The Shawnee Daily Herald. (Shawnee, Okla.), Vol. 15, No. 184, Ed. 1 Wednesday, March 15, 1911 Page: 2 of 6
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THE SHAWNEE HERALD. WEDNESDAY, MARCH 15, 1911
THE SHAWNEE DAILY HERALD
By The Shawnee Herald Company.
Entered at Shawnee Post Office as Second-Class
RATES OF SUBSCRIPTION:
By carrier, per week $ .10
One year, by mail 4.00
Kix mouths, by mail. 2.00
Three months, by mail 1.001
One month, bv mail.
chairman of the Interstate Commerce Commis-
sion and now head of the commerce court, and
Charles P. Neill, United States commissioner of
labor. These men, operating under the terms f0r mayor—
of the Erdmann act, or simply as recognized The Herald is authoriied to an-
heads of their departments, have sjh'nt much noUnce a. d m*n:n as a candidate
of their time in the last four or five years in Mayor, subject to the action of
adjusting disputes betwren railway companies me democrats primary, March 21,
and their employes. The switchmen's strike 1911.
in the northwest a year ago stands as the only
instance in which their efforts did not result in for treasurer—
an amicable adjustment of the questions at i The Herald is authorized to an-
I sue. In that case, the strike had been ordered noonce f. w. Mohrbacher as a can-
I before the services of these mediators were didate for City -Treasurer of Shawnee,
plight. sabject to the. action of the Demo
No action has been taken upon the request .ratio primaries, Msrcu 21. 1911.
of the Interstate Commerce Commission to l>e
FALLING FROM HEIGHTS
SCIENTIST SAYS SENSATIONS ARE
EASTERN ADVERTISING REPRESENT A-' relieved of tlii- work and it is hoped that the. for alderman—
TIVE—K. Katz. Temple Court, Ne-v York j request will not be granted until some adequate The Herald is authorized to an-
City, and United States Express Building, | provision has been made tor at least a quasi nounce j. r. Graham. a candidate
Chicago. official continuance of the splendid efforts of for councilman for the suth ward.
, Mr. Knapp and Mr. Neill in the promotion ot s-.iliject to the action of democratic
Telephone. [industrial peace.—St. Paul Pioneer Pivs-. primary, March 21. 1911.
THE MONROE DOCTRINE. NEEDS OF THE CITY. The Herald la authorized to an-
— —-— _ nounce A- L. Austin as a candidate
OF more concern to the American jieople A 'J' no time has tlii- cit\ ne> i'i the very j for councilman from the sixth ward,
than the professions of either belligerent best men to fill its various offices as it subject to the action of the Demo-
in the Mexican embroglio is the attitude will after the new government under thelcrattc primary. March 21. 1911.
of the powers in Europe. Iu The Journal of j provisions of the charter Ix-gius. Especially
last Sunday appeared extracts from the edi - t hi - true regarding the six member- of the The Herald is authorised to vr.
torial comments of the foreign press which re council who will constitute its law making nounce w. m. Davis as a cami'djio
fleeted the European lack of understanding ol I body. f r councilman from the First w«ri,
Aniericiin policy and feeling toward our coil Constructive and executive ability of a high object to the action of the demo-
tinental neighbors. We caunot consistently (order will be required to head off or control 1rratic primary, March 21, 1911.
complain of some of the ucomplimentary thing* j the steady increase of expenditures in exces-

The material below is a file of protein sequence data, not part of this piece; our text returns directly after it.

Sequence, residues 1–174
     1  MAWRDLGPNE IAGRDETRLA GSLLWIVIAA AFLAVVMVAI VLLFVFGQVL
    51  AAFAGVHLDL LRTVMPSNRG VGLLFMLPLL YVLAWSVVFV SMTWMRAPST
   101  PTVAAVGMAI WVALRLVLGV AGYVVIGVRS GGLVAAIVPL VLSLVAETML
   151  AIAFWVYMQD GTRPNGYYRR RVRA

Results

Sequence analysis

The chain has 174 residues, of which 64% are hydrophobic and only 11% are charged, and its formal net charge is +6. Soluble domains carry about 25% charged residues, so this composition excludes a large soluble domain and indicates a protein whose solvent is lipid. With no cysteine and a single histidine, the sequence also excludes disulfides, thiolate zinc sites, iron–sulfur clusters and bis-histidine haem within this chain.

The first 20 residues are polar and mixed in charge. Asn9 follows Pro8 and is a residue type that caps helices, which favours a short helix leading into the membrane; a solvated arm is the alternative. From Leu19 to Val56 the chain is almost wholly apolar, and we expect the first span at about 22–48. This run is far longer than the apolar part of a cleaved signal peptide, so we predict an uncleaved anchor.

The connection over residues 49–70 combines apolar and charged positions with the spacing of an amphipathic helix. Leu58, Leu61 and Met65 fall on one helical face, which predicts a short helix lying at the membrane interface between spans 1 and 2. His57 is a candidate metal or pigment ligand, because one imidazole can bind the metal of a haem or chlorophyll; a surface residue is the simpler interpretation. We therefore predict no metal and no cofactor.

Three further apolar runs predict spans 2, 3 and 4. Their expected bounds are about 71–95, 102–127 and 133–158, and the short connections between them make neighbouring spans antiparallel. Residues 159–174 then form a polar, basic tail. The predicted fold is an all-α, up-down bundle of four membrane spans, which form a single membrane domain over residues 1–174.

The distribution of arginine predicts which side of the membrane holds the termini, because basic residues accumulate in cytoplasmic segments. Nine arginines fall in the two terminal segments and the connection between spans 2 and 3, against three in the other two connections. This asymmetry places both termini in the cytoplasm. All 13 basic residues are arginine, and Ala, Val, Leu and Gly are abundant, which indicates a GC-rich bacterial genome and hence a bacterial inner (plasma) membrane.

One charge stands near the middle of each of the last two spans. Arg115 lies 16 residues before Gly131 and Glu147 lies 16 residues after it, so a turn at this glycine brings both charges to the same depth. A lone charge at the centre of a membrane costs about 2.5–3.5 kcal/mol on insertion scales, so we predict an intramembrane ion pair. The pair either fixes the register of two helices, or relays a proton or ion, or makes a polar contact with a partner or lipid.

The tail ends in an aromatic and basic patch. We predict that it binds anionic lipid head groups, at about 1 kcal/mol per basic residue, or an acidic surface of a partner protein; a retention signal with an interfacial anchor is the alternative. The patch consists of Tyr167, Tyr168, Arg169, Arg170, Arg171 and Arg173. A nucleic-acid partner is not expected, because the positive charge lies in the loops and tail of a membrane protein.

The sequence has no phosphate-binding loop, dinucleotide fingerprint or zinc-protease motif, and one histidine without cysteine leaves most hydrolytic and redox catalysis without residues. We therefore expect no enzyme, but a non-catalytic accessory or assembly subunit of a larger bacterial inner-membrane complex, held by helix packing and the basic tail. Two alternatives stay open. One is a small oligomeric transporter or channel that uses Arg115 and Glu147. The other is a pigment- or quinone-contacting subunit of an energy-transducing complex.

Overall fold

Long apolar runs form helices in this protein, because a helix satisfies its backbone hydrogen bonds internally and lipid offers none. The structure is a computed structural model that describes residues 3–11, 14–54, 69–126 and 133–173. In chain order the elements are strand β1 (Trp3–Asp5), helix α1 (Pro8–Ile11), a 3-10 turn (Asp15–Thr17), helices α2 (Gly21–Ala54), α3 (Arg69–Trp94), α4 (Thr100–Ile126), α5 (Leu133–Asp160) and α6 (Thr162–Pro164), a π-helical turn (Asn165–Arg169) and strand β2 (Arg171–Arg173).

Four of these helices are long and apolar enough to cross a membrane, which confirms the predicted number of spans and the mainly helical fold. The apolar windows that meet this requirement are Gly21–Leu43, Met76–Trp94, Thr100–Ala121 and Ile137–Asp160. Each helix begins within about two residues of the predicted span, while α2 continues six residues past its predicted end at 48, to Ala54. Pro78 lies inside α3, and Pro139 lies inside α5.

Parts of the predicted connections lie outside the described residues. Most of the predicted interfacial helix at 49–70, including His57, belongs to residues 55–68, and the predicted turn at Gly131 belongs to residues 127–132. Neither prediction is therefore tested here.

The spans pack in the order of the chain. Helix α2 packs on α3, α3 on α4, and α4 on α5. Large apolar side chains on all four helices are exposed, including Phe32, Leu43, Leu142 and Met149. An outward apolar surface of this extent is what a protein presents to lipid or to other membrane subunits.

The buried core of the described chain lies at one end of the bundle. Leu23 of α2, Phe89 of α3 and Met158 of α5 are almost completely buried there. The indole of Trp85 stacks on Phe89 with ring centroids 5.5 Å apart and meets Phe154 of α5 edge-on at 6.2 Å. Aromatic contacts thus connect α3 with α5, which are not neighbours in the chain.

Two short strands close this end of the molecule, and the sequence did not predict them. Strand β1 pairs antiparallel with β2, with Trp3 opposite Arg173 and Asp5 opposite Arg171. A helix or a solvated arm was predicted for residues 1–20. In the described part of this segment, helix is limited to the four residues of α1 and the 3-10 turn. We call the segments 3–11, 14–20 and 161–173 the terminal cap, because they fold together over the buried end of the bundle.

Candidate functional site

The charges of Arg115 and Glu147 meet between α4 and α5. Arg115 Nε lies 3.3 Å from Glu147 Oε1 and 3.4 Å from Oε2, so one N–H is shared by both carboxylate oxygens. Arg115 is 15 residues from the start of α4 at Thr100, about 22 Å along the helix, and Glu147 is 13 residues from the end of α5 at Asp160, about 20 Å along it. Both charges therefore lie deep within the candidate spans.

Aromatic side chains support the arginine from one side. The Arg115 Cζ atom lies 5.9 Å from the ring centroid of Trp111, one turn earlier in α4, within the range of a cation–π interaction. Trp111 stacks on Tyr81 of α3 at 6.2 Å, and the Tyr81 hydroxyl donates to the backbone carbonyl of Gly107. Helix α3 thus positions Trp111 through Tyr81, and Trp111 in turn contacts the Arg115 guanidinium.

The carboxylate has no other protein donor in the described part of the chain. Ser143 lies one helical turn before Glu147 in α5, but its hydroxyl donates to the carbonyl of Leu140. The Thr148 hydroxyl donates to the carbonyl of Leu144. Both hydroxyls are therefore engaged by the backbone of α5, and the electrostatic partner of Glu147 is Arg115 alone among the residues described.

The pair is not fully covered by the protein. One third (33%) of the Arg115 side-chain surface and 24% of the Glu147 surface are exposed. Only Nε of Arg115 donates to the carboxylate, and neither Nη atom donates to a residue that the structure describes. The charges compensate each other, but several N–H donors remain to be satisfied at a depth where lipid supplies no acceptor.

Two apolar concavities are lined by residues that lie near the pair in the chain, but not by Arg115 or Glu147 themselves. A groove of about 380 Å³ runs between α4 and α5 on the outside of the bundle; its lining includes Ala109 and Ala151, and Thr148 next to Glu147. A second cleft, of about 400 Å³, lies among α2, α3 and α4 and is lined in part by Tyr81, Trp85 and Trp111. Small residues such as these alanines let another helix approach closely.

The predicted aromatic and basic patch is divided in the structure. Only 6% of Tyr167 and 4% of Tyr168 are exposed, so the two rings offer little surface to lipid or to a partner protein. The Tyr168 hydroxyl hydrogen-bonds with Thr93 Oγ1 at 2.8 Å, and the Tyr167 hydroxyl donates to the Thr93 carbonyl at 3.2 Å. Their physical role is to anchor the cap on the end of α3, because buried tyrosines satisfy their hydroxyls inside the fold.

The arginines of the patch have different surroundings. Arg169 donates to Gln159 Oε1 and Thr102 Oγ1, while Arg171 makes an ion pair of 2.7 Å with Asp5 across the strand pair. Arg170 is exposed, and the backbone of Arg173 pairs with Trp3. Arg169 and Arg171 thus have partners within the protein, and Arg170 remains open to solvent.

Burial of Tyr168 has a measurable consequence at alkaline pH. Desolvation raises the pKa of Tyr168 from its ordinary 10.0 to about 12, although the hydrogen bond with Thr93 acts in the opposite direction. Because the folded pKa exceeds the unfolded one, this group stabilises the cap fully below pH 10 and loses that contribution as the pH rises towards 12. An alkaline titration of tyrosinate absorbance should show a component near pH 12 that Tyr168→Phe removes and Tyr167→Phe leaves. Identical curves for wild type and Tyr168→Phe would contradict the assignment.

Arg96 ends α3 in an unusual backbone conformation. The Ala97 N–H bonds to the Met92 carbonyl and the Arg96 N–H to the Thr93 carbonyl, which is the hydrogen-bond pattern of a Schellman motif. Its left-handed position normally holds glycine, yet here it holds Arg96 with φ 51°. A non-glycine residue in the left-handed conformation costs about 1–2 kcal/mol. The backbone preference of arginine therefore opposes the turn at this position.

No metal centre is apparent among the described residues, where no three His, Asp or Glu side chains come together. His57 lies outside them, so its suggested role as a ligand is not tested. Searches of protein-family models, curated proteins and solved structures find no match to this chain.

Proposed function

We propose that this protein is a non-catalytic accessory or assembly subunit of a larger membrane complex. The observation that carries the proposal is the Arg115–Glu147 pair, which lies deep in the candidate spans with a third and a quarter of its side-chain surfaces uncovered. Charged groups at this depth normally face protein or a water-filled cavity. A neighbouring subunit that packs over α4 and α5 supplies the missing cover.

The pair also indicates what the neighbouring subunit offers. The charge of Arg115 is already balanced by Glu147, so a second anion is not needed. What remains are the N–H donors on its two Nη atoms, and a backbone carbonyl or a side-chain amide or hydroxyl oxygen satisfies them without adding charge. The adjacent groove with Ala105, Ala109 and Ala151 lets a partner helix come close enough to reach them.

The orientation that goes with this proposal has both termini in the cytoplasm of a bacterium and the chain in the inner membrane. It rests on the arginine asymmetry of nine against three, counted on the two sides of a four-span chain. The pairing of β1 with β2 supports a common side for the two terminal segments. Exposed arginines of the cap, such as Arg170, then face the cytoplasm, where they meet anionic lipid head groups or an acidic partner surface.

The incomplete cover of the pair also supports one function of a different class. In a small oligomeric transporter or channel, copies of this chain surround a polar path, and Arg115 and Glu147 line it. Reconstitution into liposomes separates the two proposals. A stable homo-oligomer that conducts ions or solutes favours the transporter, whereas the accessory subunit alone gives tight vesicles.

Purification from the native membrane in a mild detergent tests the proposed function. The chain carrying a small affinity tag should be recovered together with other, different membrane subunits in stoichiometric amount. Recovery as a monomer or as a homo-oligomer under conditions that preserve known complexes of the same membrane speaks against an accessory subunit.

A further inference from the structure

that are said about us on the other side of tin jof it- revenues. The Herald is authorized to an-
water when we Americans indulge ourselves at This is a subject of grave importance to;ll0unce w- H. Hickey, as a candidate
times in unrestrained abuse of our own high!every property owner, and likewise and espot (nr Councilman for the First Ward,
off'.cisls of government. But there is no doubt iallx to the employes on the city pay rolls who isubJect ;o the action of Democratic
!; distinctly friendly undercurrent in most ol are aaxion- to see their salary warrants again i-rtmary. March 21. 1911.
the important articles that have appeared in at par.
English and French newspapers, although tin' The Hit jx-r cent maximum of the current Th* Herald is authorized to an-
German press is quite severe upon us. The;lev} on the valuation of all the property in the JeKfe Peiphrev as a candi-
Cologne Gazette alone remains neutral, making city is totalh inadequate to meet the present l!a,e for councilman from the second
the significant comment that "how the Amer drain upon the salary fund which is now over subject to the action of the| nght 0f the matter. 1 seemed to call
iean states agree or disagree is their own al- j $20,0000 less than nothing,—a straight deficit ,!<,mo<r"tic primary, March 21. 1911. aloud, -i am not much hurt/
Makes Story of Fall Over Precipice an
Encouraging Aceount to Thoi#
With Inclination to High
A German scientist, Prof. Albert
Helm, who fell over a precipice in th«
Alps but lived to tell the tale, mates
that story a very encouraging account
to those with an inclination to high
jumps and the like.
His fall was only 70 feet, yet that
would b.- more than enough to satisfy
a temi erate person. He has narrated
his sensations in minute detail.
At flirt he seemed to himself to be
flying through the air. His fall really
could have occupied only a few sec-
onds, but his train of thought was
long and full of interesting detail.
"I clearly saw," he says, "the possi-
bility of my fate. I said to myself:
'The rocky wall from which 1 am now
elrg hurled prevents my seeing what
is at its base The snow may be melt-
ed there, or there may be none; if
there is any my life may be saved.
Otherwise death is inevitable.
" 'If I am conscious on reaching the
earth 1 have by me a bottle of aro-
mafics and my alpenstock. 1 will still
grasp it. for it may serve me in good
stead.' i thought, too. of removing
my eyeglasses lest their splintering
might cause injury.
Other and greater thoughts for